As part of my Konstam residency at the Calvert 22 Café, I'll be teaming up for the second week in a row with Kino Vino's Alissa Timoshkina to present a night of food and film with flavours from eastern Europe and Russia.
We'll be presenting a rare screening of the remarkable Soviet movie The Commissar, a once-banned gem of world cinema about a female officer in the Bolshevik army whose pregnancy forces her to make difficult decisions that will change the course of her life.
Tickets include a welcome drink and snacks created by Oliver and Alissa to accompany the film, and an extended introduction by Dr Alissa Timoshkina.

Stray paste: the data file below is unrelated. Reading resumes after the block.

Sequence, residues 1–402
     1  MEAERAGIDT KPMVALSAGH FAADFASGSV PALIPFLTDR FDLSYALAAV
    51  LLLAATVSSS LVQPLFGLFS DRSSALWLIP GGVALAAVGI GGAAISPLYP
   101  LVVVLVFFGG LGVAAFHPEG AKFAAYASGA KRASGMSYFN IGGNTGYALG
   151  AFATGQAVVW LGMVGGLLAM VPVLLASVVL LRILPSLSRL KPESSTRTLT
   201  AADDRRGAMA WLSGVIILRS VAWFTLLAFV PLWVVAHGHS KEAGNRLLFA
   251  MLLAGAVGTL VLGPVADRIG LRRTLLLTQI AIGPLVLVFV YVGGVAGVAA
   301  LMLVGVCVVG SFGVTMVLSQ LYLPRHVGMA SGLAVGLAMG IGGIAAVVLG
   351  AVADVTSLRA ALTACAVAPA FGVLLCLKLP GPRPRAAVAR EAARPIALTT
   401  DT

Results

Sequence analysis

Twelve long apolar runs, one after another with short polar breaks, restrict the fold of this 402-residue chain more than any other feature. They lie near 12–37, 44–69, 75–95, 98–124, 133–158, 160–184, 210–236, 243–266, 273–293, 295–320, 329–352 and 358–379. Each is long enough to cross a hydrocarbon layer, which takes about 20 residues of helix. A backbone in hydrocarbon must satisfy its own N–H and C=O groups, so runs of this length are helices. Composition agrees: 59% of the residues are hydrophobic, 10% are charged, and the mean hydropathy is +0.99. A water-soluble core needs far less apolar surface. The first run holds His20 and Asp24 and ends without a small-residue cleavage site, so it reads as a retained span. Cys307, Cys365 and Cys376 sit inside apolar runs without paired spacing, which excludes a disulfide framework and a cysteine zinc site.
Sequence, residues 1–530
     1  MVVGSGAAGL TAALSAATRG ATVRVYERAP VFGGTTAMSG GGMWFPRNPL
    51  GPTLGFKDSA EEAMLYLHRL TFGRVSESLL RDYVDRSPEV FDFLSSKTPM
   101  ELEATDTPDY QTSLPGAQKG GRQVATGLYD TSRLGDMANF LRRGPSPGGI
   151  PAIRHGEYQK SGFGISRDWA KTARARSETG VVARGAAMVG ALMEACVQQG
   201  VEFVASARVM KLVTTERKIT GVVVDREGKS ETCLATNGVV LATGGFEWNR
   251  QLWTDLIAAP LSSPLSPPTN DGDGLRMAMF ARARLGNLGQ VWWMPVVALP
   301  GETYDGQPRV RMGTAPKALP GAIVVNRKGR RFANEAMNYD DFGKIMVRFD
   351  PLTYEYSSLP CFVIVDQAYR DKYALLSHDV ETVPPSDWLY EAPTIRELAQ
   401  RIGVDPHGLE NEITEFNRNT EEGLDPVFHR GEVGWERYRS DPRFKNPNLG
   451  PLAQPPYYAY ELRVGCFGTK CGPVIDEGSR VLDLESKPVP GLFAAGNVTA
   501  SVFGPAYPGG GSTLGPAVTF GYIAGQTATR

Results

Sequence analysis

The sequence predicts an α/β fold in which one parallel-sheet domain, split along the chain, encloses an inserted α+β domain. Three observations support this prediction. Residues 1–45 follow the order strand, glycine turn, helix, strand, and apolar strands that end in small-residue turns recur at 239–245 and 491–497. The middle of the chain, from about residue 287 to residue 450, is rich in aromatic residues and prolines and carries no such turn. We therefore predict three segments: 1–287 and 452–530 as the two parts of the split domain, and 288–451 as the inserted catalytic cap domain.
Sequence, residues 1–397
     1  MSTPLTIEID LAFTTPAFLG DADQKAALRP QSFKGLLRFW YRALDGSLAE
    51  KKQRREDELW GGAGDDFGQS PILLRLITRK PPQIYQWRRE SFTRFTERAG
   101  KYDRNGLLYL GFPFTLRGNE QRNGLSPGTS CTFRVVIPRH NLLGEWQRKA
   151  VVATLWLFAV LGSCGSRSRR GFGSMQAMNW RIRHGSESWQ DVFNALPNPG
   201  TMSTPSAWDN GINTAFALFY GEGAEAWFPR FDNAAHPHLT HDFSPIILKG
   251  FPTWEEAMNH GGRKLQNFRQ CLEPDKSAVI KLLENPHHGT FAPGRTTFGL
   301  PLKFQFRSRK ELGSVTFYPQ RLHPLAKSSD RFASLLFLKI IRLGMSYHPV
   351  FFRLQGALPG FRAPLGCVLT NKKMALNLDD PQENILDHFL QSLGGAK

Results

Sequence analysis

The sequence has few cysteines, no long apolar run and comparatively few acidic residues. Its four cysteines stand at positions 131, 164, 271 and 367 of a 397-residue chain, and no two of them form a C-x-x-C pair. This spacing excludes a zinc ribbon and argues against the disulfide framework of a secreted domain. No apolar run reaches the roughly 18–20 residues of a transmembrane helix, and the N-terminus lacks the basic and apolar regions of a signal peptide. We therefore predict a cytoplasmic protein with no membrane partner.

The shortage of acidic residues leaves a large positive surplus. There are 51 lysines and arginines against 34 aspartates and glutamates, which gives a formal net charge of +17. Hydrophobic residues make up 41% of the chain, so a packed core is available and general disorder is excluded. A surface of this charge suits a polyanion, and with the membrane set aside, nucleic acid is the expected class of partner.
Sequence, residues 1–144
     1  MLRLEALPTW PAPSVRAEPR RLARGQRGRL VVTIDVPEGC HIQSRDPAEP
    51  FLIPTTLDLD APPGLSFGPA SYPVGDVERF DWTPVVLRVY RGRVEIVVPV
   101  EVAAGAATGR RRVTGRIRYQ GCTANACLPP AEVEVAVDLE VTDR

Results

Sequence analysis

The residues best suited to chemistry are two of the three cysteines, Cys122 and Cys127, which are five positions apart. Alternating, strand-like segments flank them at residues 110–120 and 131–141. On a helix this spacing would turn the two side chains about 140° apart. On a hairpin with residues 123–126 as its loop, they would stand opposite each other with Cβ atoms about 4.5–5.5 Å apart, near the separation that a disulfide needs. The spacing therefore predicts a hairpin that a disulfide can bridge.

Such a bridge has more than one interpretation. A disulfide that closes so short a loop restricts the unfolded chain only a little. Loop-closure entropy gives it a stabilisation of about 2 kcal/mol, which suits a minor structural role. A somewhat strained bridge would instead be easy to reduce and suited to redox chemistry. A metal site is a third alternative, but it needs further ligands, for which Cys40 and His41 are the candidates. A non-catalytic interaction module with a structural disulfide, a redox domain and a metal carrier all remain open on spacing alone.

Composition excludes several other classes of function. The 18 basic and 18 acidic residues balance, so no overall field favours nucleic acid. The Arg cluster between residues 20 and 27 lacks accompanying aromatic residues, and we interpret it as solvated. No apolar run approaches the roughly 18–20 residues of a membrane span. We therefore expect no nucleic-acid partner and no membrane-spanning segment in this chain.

USSR, 1967, dir. Aleksander Askoldov, 110 mins
Based on a short story by a renowned Soviet-Jewish writer Vasily Grossman, this remarkable film was made during the Soviet New Wave and tells a story of a Red Army commissar who temporarily lodges with a poor Jewish family to give birth in the midst of the Russian Civil War (1917 – 1922). The Commissar is a sensitive and elegiac portrait of a mostly vanished culture, filmed with a unique poetic vision. The film was banned upon its completion and not shown to the public until 1988.
More about the film here.